Sea Nymph Regal 580

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Regal 580

After more than five decades the Sea Nymph name is still very much part of the Kiwi trailer boat market. Barry Thompson checks out the iconic Regal 580, a boat that seems destined to carry the brand though to the next decade.

When trailer boating in New Zealand was in its infancy in the early 1960s, fibreglass boats were just starting to make an impact and one of the earliest brand names was Sea Nymph. Built by Auckland based Marine Plastics, they were one of the first to develop small runabouts that were something more than just a large dinghy.

One of those in the early 1960s was the Sea Nymph V13, the first of the ‘new’ breed of Sea Nymph boats. Over the years they expanded their range and by the mid-1970s they had seven models and were one of the leading marques on the market. Who can forget the Commander 18 or the V16, two models that catapulted Sea Nymph into cult status?

I probably went boating over the years in every model they made, even the infamous narrow beamed, top heavy, flybridge Sovereign V24 which tossed me and a few others into the water on Lake Taupo.

In the early 1980s, the Sea Nymph brand was reinvented, when all the old models were discontinued and replaced with Australian designed Cruise Crafts. This gave Sea Nymph another considerable boost and public acceptance was exceptional. Sales boomed and Sea Nymph was undoubtedly one of the top brands to own. At the media and dealer launch of the new models, I was shown the ‘radical’ open bow (now the common bowrider) Hustler 590. Wow, how cool, but would it sell, especially with an open foredeck that could fill with water on the first Hauraki Gulf wave. Wrong. And yes it did sell and sell well and was the forerunner of all locally built bowriders that followed.

The brand went through some problematic ownership times until in 2000, Robbie Hopper brought it and started building the boats in Hamilton. Tough times came with the GFC and for economic reasons, he moved the moulds to China. After building boats in China for the international market, but New Zealand, in 2016 he came back home and set up shop in Silverdale, Auckland. Sea Nymph was back home, 55 years after the first V13 was launched and the Sea Nymph name was etched into annals of kiwi trailer boat building history.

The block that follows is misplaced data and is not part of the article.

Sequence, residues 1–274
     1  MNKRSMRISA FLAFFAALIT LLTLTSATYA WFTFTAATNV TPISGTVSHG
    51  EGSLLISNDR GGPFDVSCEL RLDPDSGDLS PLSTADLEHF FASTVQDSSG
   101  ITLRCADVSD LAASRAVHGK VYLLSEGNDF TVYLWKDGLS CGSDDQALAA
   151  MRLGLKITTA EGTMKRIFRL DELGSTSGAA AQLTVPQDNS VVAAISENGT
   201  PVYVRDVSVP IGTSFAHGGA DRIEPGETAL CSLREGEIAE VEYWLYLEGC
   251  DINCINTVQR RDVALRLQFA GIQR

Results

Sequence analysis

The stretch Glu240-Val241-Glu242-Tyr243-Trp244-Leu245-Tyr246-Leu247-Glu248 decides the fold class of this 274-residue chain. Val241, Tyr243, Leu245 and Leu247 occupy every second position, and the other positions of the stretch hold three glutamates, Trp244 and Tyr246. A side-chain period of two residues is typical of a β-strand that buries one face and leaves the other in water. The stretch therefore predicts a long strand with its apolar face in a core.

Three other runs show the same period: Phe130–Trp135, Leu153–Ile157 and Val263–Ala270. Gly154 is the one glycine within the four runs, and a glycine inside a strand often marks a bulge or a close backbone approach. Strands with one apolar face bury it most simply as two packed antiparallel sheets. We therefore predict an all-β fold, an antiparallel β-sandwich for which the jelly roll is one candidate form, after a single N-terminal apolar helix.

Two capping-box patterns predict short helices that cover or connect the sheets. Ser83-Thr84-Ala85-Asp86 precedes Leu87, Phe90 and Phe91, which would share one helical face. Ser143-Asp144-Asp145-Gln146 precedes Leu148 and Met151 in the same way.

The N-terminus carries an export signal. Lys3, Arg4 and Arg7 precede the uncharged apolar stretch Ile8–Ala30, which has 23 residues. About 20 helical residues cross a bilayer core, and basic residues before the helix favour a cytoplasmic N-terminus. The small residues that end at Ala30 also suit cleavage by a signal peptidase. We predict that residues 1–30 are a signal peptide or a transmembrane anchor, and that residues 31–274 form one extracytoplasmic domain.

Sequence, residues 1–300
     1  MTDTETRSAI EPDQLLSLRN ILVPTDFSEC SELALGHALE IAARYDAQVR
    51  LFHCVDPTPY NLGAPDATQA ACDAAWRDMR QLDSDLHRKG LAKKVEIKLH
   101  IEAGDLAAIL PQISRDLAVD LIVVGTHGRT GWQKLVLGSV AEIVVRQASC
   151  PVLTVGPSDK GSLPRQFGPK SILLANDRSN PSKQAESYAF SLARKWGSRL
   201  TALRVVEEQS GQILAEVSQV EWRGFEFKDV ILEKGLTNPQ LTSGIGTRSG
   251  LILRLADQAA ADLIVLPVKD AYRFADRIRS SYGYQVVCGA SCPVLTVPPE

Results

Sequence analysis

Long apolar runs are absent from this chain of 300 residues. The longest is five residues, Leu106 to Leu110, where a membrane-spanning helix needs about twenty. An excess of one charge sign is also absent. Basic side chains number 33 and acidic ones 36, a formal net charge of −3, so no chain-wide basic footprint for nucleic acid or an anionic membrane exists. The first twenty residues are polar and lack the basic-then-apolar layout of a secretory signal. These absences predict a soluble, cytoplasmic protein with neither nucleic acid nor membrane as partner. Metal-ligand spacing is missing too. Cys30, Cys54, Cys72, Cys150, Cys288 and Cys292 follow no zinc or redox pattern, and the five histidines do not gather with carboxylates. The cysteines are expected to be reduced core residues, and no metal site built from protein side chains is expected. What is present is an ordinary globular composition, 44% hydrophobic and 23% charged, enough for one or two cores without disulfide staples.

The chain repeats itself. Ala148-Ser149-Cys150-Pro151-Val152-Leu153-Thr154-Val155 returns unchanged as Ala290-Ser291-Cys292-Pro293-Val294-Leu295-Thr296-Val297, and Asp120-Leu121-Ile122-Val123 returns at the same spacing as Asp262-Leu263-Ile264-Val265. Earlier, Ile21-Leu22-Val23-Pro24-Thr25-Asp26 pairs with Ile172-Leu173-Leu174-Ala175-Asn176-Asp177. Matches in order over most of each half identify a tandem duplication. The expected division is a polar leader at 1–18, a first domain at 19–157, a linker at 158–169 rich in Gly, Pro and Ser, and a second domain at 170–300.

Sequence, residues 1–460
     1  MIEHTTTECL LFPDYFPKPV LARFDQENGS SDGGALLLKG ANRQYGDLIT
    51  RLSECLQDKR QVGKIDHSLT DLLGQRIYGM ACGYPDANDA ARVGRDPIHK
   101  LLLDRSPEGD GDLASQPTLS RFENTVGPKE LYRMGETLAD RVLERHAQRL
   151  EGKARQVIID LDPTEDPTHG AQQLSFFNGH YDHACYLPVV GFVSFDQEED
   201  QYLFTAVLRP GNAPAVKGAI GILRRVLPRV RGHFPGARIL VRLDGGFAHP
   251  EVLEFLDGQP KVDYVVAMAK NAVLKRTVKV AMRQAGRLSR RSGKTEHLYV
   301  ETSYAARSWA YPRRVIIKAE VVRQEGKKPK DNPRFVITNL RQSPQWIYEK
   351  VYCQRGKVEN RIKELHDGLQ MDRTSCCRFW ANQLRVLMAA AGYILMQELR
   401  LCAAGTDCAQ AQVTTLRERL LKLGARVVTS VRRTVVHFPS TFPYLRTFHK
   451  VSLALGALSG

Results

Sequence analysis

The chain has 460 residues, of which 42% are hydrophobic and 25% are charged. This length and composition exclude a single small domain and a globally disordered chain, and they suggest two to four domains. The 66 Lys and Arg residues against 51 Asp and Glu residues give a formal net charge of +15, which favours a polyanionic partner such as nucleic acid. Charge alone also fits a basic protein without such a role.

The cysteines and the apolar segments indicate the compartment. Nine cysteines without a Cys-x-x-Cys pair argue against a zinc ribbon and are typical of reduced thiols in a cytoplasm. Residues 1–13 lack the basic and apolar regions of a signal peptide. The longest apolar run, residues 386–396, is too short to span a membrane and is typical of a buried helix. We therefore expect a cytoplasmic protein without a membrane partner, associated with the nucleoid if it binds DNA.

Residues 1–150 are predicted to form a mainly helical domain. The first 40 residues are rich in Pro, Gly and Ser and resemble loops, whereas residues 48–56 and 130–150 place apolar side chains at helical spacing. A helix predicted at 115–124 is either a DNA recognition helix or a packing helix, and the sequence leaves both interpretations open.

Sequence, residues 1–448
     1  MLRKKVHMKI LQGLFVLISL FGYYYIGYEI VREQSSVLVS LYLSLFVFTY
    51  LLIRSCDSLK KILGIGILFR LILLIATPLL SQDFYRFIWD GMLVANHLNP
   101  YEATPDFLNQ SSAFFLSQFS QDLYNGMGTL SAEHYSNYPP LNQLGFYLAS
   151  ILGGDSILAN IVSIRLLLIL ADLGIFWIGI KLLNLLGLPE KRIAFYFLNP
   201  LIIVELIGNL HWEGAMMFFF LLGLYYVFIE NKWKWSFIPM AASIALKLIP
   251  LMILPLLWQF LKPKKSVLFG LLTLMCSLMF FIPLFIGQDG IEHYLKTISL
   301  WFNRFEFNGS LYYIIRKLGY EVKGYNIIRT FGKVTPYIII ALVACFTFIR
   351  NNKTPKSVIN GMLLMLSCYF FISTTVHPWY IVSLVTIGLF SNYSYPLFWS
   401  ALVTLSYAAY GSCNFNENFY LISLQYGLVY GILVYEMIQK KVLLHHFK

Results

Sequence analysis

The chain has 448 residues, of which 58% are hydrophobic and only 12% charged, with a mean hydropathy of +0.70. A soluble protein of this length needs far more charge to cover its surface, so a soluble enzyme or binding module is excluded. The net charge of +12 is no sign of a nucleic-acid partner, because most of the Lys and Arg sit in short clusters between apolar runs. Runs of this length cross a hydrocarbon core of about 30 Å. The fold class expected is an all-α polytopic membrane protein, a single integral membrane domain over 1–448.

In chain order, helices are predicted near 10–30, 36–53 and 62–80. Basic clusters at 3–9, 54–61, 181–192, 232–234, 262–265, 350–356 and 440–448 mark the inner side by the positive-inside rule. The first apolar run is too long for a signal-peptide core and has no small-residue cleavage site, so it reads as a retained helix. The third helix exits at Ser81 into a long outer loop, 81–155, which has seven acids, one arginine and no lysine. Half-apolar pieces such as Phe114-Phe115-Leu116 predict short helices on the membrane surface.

While the boats are still built in China, Robbie points out that the boats are all manufactured to the highest CE standard.

“We have a 5-year warranty on our boats, but I am thinking of pushing that out to 10-years as I am so confident about how the boats are built, I happy to stand behind everyone we sell”, says Robbie.

All the fitout and rigging, i.e. engine install and electronics is done locally and the trailers are from a local supplier.

Cut & Tuck

The development of the Regal 580 had its roots in some other Sea Nymph models, with hull #1 released in 2004. The hull is based on the now discontinued 566, the twin transom walk-through from the 640 and the cabin top from the Blazer. As Robbie says, “It’s a genuine Kiwi cut & tuck, using the best of some to make the best of one’.

Compared to the previous 566, the cabin is slightly smaller, giving more emphasis on useable cockpit space. Robbie says that he has found his customers are now after cockpit room, whereas the 566 was all about being able to overnight. 

Certainly, the old 566 has been transformed into a better day boat with a good ratio of space. Yes, you could still stay overnight in the cabin, especially with the squab infill, but really would you want to!

The 580 is very much a family boat, offering all the amenities you need when family day boat

Storage Plus

The cabin has loads of storage under the three squabs as well as wide side trays and there is also the option of a small toilet. A privacy screen across the cabin entry is available and Robbie pointed out that just about every boat now goes out with one fitted.

Sitting headroom is adequate for most adults, with cabin windows allowing excellent visibility and a large deck hatch making access to the anchor locker easy. Not that you should need to go there if you have an auto anchoring system. The 580 can be fitted with either a deck winch or drum winch. Most Sea Nymph’s are now being installed with the Savwinch drum winch, which Robbie says is a natural fit and works exceptionally well.

The 580 is available in either open style with a soft bimini and rocket launcher, the hard targa top as per our test boat with clears and coming up later this year is a full hardtop version.

One of the first things I noticed about the 580 was plenty of height under the targa. Robbie and I are both around 1.8m tall and we had no problem standing to drive. I also liked the driving position which is offered either fully seated, in a bolster position or standing. The pedestal seat slides back out of the way or well forward, depending on where you want it. Visibility from the helm is unimpeded.